Can Christians be considered as pagans/heathens?
There are three titled religions that all intersect at one point in holy scripture, which is the time of the first Patriarch, Abraham. Christianity, Islam, and Judaism all line up with one another until this point. This is when the Quran, the Muslim's Bible, goes on with Hagar and Ishmael and splits from the two other religions. Then, once the Old Testament ends, Christianity goes on into the New Testament, and the Torah, the Jewish Bible (aka the Old Testament) stays behind. Now I come to the point; If Christians believe that Jesus Christ is the son of God, does this mean that Christians worship more than one being, which makes them heathens or pagans? I believe so. Christians believe in both Testaments, and there is a difference in the two; The Old Testament doesn't say anything about Jesus, and God does not speak in the New Testament. If this is not clear evidence of paganism, than I shall make it clearer. The first three commandments out of the others that were given to Moses by God say the following (basically):
I am God
There are no other gods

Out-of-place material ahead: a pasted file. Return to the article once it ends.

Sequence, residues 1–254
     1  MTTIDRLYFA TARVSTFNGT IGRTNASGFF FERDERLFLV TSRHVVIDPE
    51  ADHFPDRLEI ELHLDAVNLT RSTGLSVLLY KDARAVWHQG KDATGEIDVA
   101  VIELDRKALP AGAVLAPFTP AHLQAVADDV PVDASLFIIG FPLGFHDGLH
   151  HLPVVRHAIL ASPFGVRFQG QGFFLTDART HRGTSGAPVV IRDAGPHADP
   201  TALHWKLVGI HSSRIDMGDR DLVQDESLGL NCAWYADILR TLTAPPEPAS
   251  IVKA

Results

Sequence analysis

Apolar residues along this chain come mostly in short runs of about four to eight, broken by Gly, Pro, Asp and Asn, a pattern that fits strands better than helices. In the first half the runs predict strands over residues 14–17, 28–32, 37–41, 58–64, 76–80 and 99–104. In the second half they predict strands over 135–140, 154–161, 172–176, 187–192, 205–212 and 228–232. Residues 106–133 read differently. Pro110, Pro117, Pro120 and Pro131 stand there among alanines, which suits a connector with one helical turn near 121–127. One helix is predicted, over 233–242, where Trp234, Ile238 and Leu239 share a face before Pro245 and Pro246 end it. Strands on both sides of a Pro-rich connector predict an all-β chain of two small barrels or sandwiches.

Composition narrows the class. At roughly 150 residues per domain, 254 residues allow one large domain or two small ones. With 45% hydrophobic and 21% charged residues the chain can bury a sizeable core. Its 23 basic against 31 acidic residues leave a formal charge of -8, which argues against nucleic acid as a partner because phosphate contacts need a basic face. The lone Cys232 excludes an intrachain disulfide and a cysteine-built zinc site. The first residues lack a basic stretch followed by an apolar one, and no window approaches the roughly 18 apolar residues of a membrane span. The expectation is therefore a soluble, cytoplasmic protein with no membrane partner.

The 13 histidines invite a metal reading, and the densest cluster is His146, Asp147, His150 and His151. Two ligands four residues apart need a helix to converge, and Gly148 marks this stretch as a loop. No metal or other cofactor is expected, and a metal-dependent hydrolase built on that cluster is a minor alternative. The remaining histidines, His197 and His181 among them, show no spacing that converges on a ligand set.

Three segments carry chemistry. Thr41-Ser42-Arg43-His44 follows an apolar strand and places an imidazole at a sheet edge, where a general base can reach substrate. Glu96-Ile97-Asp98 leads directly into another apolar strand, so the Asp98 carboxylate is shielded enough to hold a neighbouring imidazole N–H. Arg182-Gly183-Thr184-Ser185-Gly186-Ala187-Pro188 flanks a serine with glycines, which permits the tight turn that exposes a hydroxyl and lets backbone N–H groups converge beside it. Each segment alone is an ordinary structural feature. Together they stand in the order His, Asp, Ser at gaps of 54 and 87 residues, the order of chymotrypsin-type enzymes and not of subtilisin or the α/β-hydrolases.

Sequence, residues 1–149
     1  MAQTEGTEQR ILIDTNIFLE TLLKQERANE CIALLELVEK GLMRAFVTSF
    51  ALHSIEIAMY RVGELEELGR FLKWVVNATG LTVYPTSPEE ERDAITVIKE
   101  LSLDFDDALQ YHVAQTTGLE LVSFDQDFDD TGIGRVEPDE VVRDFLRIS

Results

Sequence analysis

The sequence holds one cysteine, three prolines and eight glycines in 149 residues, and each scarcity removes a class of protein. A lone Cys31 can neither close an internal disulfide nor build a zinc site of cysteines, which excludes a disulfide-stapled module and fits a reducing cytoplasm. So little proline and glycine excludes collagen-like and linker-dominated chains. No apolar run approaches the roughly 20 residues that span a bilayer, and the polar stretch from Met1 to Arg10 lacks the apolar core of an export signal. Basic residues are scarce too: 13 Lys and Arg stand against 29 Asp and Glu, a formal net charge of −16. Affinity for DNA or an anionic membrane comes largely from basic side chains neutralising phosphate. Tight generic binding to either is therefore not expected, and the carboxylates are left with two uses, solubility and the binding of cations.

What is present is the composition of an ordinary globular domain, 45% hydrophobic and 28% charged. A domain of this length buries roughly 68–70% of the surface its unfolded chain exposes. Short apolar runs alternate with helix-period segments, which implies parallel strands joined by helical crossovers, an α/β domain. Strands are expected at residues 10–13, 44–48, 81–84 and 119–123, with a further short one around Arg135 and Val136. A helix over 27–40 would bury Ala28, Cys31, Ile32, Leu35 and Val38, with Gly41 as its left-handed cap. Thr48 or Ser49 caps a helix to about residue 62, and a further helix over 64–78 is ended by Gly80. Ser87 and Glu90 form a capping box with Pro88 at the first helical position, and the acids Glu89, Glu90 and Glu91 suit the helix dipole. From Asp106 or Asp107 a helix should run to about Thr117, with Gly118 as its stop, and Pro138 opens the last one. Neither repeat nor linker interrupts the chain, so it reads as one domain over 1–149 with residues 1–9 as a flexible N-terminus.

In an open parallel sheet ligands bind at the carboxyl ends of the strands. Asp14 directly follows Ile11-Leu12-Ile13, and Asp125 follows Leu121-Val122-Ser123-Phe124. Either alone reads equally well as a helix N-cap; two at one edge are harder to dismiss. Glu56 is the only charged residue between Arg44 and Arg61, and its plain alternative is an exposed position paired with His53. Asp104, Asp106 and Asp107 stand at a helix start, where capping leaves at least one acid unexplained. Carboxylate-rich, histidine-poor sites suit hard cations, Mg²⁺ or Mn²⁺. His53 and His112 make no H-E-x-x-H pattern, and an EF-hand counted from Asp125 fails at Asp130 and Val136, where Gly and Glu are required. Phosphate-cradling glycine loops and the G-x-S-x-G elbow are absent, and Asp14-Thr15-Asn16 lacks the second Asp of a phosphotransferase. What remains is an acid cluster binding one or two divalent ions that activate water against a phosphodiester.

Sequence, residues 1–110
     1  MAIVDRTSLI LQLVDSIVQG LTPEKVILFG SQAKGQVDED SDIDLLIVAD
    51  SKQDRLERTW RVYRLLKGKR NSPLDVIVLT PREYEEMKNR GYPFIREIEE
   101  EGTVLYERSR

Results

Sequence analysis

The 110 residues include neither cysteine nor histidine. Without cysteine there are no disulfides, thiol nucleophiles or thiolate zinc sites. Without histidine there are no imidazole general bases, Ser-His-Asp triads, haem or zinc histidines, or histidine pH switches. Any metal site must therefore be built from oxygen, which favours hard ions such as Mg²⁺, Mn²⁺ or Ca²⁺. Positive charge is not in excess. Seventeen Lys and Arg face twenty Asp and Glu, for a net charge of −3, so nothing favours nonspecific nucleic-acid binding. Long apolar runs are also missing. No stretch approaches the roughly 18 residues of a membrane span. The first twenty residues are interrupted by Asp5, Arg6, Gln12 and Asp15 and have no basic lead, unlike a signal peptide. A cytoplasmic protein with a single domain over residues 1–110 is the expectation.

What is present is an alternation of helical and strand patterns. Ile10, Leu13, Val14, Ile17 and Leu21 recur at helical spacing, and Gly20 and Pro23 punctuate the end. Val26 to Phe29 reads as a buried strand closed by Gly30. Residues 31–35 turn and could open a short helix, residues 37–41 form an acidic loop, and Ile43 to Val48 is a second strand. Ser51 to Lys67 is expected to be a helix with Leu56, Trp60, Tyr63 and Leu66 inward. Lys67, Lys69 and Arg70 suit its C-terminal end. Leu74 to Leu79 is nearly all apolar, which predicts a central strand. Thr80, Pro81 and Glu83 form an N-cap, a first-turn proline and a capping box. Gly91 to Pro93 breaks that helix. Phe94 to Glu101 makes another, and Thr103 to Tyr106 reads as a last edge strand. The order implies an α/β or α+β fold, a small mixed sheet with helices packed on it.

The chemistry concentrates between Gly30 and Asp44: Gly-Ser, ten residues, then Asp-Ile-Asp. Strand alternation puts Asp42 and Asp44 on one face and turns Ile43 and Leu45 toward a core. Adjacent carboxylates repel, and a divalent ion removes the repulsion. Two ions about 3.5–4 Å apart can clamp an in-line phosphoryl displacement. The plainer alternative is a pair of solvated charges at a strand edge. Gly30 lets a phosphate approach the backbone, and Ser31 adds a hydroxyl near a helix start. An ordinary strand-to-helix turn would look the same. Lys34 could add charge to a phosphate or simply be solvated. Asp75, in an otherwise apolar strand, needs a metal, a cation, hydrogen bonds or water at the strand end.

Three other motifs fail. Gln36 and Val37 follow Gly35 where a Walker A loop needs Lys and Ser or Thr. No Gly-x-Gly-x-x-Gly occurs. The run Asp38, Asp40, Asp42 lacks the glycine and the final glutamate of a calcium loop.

Thou shall not worship idols
These three commandments, the very first three out of the many, are broken by the idea that Jesus Christ is the son of God. Christians worship both the God in the Old Testament, and Jesus Christ in the New Testament. This breaks at least one of the three commandments shown above.
I want the challenger and the voters to know that I have nothing against paganism, as Hinduism, Buddhism, and other religions believe are heathenry and are not wrong in any way. I do not hate Christians, nor do I hate any other religion. I apologize for any hard feelings taken during this debate. But I stand my ground in saying that Christianity supports heathenry and should admit it as is. Good luck to my challenger.